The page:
But, secondly, what we need to do is we need to protect our time. So when we’re trying to get stuff done, we need to have a discipline. The way I teach it is I use boundaries, but we need to have some kind of a discipline where we protect time. So on one hand, I’ve got time allocated for a project, which, when I’m working on that, I do not allow other information to come in. Even something as simple as this: When I’m writing a blog post, I don’t spell check, and I don’t go and look up a reference. Because, if I do, I’m lost.
Secondly, when I do want information, like for example I’m going to edit my blog post, or I want to see what other bloggers are doing, I go and I reach out for that information. That’s very difficult, to have that black and white distinction, but that’s how I think of it. On one hand, when I’m working on something, I don’t want any distractions, and when I do want it, I reach out and I go get it myself.
Lauren: That is an outstanding tip, actually. I really like that, right down to not doing the research when you’re doing the writing, too. Because research is deadly. You open it up and it’s so interesting that you just get stuck-
Lauren: … right into it.
Hugh: Totally, totally. And, Lauren, with all of these rules, the reality is we’re going to break them, but, like when you’re developing any kind of a habit, then just go back to what your rule was. So, maybe Tuesday was a complete disaster, but on Wednesday, go back to that routine. The more we keep returning to disciplines that we know that work, the more successful that we’re going to be.
The easiest knee-jerk reaction is to say, “Oh my gosh, it’s just impossible. I’m running crazy. It’s here and straight back,” or whatever the metaphor is, and to excuse your behavior. But if you’re in a kind of role where performance is actually being rewarded, like, you know, it’s how I earn my income, or it’s how my boss gives me a raise or whatever, we need to have different disciplines than we had even five years ago.
Lauren: So it’s a matter of trying different disciplines, and figuring out what works, as well?
Lauren: I’ve found that the apps like Strict Workflow, it’s a Pomodoro timer app-
Laure: … that blocks specific websites has been very helpful, especially when it’s in one of those days where I find it really difficult to stay on task.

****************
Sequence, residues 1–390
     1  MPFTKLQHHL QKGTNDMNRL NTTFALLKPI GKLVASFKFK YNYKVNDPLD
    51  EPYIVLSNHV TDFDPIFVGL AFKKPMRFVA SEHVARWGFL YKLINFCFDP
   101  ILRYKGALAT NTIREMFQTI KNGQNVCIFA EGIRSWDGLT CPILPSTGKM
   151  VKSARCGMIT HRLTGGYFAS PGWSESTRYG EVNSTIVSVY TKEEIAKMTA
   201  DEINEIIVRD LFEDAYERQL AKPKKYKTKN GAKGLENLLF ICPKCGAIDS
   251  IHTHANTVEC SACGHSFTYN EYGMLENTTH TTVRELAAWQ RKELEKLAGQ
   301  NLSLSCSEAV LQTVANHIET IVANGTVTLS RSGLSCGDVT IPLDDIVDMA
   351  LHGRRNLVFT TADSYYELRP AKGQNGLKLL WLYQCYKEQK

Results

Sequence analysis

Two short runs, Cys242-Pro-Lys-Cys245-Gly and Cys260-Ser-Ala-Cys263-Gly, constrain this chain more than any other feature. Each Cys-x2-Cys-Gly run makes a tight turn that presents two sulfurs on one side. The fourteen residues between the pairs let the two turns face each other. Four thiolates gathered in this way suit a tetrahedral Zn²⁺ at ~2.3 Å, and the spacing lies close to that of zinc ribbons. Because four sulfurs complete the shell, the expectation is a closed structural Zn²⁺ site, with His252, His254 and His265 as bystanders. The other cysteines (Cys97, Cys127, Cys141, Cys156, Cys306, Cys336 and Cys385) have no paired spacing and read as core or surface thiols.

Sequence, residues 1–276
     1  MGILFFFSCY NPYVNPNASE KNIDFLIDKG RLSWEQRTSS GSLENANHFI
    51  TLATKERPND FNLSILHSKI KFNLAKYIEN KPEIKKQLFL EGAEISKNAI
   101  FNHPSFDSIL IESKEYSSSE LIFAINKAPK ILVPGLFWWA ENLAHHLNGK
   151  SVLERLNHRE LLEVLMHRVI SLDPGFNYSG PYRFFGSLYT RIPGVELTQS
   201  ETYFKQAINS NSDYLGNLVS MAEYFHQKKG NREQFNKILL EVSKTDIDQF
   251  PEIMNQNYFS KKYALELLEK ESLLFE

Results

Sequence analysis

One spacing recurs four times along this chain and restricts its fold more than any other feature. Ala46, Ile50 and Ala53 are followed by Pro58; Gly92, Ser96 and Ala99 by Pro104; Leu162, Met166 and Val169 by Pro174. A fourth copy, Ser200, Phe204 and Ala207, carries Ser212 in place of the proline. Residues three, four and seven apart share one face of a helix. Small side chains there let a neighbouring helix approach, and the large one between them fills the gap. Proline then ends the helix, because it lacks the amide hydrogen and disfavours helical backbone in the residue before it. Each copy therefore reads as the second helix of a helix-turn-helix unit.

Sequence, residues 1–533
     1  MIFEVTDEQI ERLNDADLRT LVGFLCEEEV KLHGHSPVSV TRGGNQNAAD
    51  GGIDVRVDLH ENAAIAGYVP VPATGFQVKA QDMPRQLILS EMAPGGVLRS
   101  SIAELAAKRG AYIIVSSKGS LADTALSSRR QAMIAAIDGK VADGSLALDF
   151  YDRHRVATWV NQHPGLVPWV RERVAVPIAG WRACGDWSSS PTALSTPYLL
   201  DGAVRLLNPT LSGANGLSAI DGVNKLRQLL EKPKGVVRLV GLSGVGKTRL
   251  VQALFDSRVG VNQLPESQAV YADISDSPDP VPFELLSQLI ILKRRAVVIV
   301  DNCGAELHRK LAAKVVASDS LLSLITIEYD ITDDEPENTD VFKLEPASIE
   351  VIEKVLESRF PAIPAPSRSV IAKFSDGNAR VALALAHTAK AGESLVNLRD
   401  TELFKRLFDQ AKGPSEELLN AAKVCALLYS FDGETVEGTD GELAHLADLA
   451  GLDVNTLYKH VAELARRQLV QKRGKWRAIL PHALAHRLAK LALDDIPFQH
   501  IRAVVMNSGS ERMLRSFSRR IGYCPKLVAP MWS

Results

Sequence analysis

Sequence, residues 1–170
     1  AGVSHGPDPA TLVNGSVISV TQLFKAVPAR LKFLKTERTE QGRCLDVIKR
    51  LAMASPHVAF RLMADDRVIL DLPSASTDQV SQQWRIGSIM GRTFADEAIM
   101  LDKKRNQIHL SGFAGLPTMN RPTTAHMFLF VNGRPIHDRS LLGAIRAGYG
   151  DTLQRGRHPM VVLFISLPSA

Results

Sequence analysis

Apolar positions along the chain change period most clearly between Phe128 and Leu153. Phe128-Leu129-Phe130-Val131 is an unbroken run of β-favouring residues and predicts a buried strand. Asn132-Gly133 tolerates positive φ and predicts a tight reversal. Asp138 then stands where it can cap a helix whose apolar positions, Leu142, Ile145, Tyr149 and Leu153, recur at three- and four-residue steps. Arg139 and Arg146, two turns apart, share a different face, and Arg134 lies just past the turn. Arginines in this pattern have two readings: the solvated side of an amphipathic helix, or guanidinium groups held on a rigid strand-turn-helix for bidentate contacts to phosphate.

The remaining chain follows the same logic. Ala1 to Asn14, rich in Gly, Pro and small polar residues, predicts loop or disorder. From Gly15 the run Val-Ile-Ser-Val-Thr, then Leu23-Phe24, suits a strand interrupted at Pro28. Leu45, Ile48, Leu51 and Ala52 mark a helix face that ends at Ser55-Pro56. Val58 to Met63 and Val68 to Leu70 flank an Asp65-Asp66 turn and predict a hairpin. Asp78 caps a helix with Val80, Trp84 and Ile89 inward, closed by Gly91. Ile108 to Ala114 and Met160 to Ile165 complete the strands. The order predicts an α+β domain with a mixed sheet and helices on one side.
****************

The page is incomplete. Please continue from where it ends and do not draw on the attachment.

Hugh: Right, very good.
Lauren: That thing does something for me. I don’t need it all the time, but that is one of those discipline areas. There’s also, in addition to listening to the noise, there is a push to contribute to the noise. Again, thinking of all of your work within productivity, it’s made to feel as though in order to be productive we have to be seen to be productive and to be producing.
Hugh: Right. Right.
Lauren: [crosstalk 00:08:13] emails, and there’s social media posts, and pushing out the videos. Hey presto. Do you have any advice for figuring out which of these activities, which of these things that could so easily be busy work, are actually productive, versus, which are actually just additional forms of distraction?
Hugh: This is really interesting, because I just actually got off the phone, before this call, with a colleague of mine. Basically what he does is he does some really in-depth analytics for companies online to show them what’s actually working. He says, for the most part what people think is working is not really working at all. In terms of pushing traffic to a website or getting conversions of customers, you know, getting conversions of followers to customers.
For example, he has clients that think they got to be all over Pinterest, or they got to be all over Instagram. What they’re looking at is they’re looking at the numbers on that site, but what they usually don’t do is they don’t look at the numbers, relating that number on Instagram to number of dollars in their bank, or products sold, or people joining their list. So, I think we’ve got to be very careful to not go with the temptation of trying to be everywhere. This is difficult, but we need to get very selective.
So, for example, for me, I go to Twitter once a day. I have a system, my company actually produces my posts for me from my blog, so that’s nice, that’s taken care of. But as far as following up with people, reading news feed, I go once a day. That’s my discipline. I’ll go in the middle of the day. So I’m very selective of where I put that information, and the reason is because I also am able, again, because of my company, I can actually measure the results.
My message to people is this, is that, first of all, there’s no way you could do a good job on three social media platforms, unless you’re just doing it for pleasure. So if you’re thinking of this as a business promotion, you need to select no more than two, and then what you need to do is you need to go there once, maybe twice a day, but that’s all. You need to get really good at understanding how those two work, and you need to be able to have some simple measure of what it’s actually doing for you. Because you’re just fooling yourself thinking that you’re going to do a great job on lots of different social media platforms. Those platforms are making it even more complicated to be successful on them and more difficult. We need to get very selective, and we need to measure the results.
Lauren: Yeah. I mean, to all you viewers and listeners out there, this is a totally unplanned plug, but the service that Hugh offers, SOS, I believe that you’re rebranding it this year. What’s the new-